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City school board adopts 2009 budget
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After months of wrestling with figures, the Gainesville City Board of Education finally approved a budget for this fiscal year.

In a 4-1 vote, with board member Sammy Smith dissenting, the board approved a budget Monday night that would pay off about $1.7 million toward the system’s estimated $5.6 million deficit by June 30.

The board based its final budget numbers on a pending 12 percent property tax increase.

David Syfan, chairman of the school board, said the property tax increase strikes a compromise between being a good steward of both the school system and taxpayers.

Smith said he did not approve the budget because the numbers were "faulty" in the sense that they did not include "what we know is coming from the governor."

Because of shortfalls in state revenue, Gov. Sonny Perdue recently ordered that all school districts receive 2 percent less state funding this fiscal year, which began July 1.

Merrianne Dyer, interim superintendent for Gainesville city schools, said the state cuts translate to about $650,000 less for the Gainesville school system this year. Further, cuts in charter school district grants also are pending for the district.

Janet Allison, director of finance for Gainesville city schools, said the state cuts could slow the board’s plan to pay off the deficit from two years to possibly four.

"Additionally, I have a concern about the anticipated tax collection rate," Smith said.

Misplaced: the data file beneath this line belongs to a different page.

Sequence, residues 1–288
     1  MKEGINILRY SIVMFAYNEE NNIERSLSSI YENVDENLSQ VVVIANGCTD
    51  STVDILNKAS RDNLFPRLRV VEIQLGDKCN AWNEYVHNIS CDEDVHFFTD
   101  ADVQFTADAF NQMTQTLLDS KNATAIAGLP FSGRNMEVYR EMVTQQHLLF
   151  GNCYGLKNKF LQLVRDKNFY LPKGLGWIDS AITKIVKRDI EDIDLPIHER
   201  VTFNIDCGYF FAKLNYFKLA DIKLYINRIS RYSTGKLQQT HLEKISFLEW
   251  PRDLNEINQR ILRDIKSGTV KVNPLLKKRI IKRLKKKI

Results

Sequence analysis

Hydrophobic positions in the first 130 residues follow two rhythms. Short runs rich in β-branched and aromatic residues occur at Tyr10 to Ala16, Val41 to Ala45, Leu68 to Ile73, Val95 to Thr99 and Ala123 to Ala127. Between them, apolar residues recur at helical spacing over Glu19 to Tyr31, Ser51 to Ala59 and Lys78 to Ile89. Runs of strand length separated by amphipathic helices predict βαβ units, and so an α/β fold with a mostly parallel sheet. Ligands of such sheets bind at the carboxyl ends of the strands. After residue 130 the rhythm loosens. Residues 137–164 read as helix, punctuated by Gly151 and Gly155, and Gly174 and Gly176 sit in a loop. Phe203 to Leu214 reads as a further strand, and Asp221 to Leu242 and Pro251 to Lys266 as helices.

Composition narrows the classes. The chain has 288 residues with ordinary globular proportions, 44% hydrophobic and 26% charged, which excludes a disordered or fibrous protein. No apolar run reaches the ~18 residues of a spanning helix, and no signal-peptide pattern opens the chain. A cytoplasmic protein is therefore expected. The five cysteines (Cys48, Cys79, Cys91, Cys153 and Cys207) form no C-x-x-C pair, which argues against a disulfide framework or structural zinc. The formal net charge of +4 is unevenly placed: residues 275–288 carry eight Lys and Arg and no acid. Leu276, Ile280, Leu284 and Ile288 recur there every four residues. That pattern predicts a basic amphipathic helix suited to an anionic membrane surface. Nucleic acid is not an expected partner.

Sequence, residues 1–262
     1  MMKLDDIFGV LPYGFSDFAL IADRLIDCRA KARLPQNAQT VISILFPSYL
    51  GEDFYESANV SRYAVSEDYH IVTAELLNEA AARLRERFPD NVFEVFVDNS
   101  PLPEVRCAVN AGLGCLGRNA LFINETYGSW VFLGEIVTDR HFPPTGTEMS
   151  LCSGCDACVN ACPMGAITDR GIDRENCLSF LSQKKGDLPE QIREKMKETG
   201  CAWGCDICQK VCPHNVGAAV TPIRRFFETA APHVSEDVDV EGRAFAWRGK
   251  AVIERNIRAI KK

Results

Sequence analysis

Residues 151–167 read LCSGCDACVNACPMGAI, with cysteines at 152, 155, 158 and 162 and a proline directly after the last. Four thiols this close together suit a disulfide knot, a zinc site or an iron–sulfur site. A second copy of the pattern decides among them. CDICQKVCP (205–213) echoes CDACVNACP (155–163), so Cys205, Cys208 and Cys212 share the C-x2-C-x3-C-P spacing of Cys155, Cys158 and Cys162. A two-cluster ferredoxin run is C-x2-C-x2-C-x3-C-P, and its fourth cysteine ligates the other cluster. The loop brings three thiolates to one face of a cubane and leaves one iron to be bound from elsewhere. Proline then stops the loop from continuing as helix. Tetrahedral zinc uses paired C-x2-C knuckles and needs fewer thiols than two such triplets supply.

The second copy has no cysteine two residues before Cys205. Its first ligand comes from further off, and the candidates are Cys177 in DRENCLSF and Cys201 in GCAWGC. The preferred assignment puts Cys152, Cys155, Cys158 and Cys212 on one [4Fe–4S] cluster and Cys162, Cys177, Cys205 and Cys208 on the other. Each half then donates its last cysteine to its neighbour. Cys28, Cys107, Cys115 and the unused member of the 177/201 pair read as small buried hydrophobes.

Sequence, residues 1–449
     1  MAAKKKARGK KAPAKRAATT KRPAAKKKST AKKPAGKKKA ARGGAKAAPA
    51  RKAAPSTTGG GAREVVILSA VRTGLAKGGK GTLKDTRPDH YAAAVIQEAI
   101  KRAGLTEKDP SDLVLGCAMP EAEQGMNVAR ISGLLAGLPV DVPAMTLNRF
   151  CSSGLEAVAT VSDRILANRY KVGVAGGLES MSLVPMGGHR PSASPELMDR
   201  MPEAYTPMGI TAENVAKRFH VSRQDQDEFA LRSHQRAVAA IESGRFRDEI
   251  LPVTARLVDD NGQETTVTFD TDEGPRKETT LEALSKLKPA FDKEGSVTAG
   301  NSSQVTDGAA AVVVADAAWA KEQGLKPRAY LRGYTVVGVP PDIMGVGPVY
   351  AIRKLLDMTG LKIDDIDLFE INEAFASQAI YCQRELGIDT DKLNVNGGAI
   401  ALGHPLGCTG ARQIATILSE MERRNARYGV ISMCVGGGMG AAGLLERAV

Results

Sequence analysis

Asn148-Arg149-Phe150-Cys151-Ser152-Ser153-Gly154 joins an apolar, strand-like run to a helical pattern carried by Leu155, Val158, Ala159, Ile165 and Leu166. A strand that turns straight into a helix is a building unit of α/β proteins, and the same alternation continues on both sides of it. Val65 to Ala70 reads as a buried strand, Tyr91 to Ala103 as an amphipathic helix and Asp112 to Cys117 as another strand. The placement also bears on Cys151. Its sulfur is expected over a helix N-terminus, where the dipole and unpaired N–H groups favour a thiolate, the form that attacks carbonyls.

The board used a 95 percent collection rate to estimate its property tax revenue for fiscal year 2009.

Based on a 7.42 maintenance and operation millage, or tax rate, the board approved a budget that estimates general fund revenue for fiscal year 2009 to be $54,483,881.

Estimated expenditures for the final budget are $52,737,899.

According to the approved budget, the remaining revenue will be applied to the estimated $5.6 million deficit as determined on June 30.

As approved in the budget, by June 30, 2009, the board would have a deficit of $3,854,018.

On top of the proposed 7.42 maintenance and operation millage, which the board could raise from the current rate of 6.62 mills in October, there is a 0.39 debt service millage. Currently, the board is considering a total millage of 7.81 mills, up from the current 6.96 millage.

One mill equals $1 for each $1,000 in assessed property value. If a 7.81 millage is adopted, the owner of a $183,000 home, the median home price in Gainesville, would pay $156.23 in additional property tax this fall.

Todd Evans, a parent of two students in the Gainesville City School System, said he feels comfortable the board is working with a budget that is not directly compromising his children’s education.

"It’s an end and a beginning all in the same," Evans said. "I think it’s a workable budget that we can work with, and if we can’t, then we’ll have to come back to the table."

Syfan and Smith said the final budget, although approved, is still a work in progress. Budget amendments may have to be made throughout the fiscal year as the state slashes funds for local districts.

As part of its deficit reduction plan, the board will continue to submit monthly spending resolutions to the state Department of Education.